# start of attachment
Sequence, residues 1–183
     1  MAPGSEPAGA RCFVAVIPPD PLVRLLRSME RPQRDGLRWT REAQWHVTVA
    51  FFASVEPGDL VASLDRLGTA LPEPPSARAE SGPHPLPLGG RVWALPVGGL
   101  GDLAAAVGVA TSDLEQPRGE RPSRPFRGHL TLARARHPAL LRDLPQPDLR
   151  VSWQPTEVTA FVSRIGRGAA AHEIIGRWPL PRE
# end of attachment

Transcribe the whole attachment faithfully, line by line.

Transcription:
Sequence, residues 1–183
     1  MAPGSEPAGA RCFVAVIPPD PLVRLLRSME RPQRDGLRWT REAQWHVTVA
    51  FFASVEPGDL VASLDRLGTA LPEPPSARAE SGPHPLPLGG RVWALPVGGL
   101  GDLAAAVGVA TSDLEQPRGE RPSRPFRGHL TLARARHPAL LRDLPQPDLR
   151  VSWQPTEVTA FVSRIGRGAA AHEIIGRWPL PRE